But I’ll stick with it. I’ll find that word, then the next one, then a dozen more, and it will be hard and it will hurt, but I’ll force myself to keep doing it for ten minutes, twenty, thirty, however long it takes until I’m not forcing it anymore (though I probably don’t notice when I make that transition), but the words are coming and I see the scene and I hear my characters and I’m no longer aware of time, or even of me. I’m in the story world, carried away on a flood of Inspiration.
Lori Benton’s novels transport readers to the eighteenth century, where she brings to life the Colonial and early Federal periods of our nation’s history. She is the multiple award-winning author of numerous books including Burning Sky, The Pursuit of Tamsen Littlejohn, and The Wood’s Edge (Book 1 in The Pathfinders series). Lori makes her home in Oregon.
Connect with Lori:
Frontier Faith & Fiction (website): http://loribenton.blogspot.com/
|Available April 19, 2016|
A Flight of Arrows
The Pathfinders #2
WaterBrook Press (Penguin Random House)
April 19, 2016
Hearts are divided.
Loyalties will be tested.
The fates of two families hang in the balance.
Twenty years past, in 1757, a young Redcoat named Reginald Aubrey stole a new-born boy--the lighter-skinned of Oneida twins--during the devastating fall of Fort William Henry and raised him as his own.
No one connected to Reginald escaped unscathed from this crime. Not his adopted daughter Anna. Not Stone Thrower, the Native American father determined to get his son back. Not Two Hawks, William's twin brother separated since birth, living in the shadow of his absence and hoping to build a future with Anna. Nor Lydia, who longs for Reginald to be free from his self-imposed emotional prison and embrace God's forgiveness--and her love.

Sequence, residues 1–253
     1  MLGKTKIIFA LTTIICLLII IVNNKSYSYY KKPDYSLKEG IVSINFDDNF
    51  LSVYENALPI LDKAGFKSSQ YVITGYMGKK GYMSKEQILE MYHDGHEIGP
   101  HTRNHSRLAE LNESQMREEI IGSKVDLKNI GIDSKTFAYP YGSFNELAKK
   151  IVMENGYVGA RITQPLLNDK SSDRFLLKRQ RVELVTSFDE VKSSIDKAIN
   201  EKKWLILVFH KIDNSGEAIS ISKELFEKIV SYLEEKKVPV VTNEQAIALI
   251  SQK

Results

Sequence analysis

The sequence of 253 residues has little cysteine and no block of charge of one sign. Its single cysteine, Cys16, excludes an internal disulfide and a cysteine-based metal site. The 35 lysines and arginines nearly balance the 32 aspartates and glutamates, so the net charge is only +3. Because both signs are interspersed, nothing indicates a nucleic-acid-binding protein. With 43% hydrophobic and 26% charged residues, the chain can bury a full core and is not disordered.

Now William, whose identity has been shattered after discovering the truth of his birth, hides in the ranks of an increasingly aggressive British army. The Redcoats prepare to attack frontier New York, and the Continentals, aided by Oneida warriors, including Two Hawks, rally to defend it. As the Revolutionary War penetrates the Mohawk Valley, two families separated by culture but united by love and faith must find a way to reclaim the son marching toward them in the ranks of their enemies.
What a great perspective, Lori! Thanks for sharing how you discover inspiration after you sit down and work hard. I'm in the middle of one of those "I know where this scene is headed, but how in the world does it start?!" periods of writing myself, so this article was very refreshing and encouraging. It's such a blessing to host you today!
Friends, what tips do YOU have for finding inspiration when it seems elusive?
Have you also found, like Lori, that inspiration often comes AFTER you put in a lot of hard work? How has that shaped the way you approach life?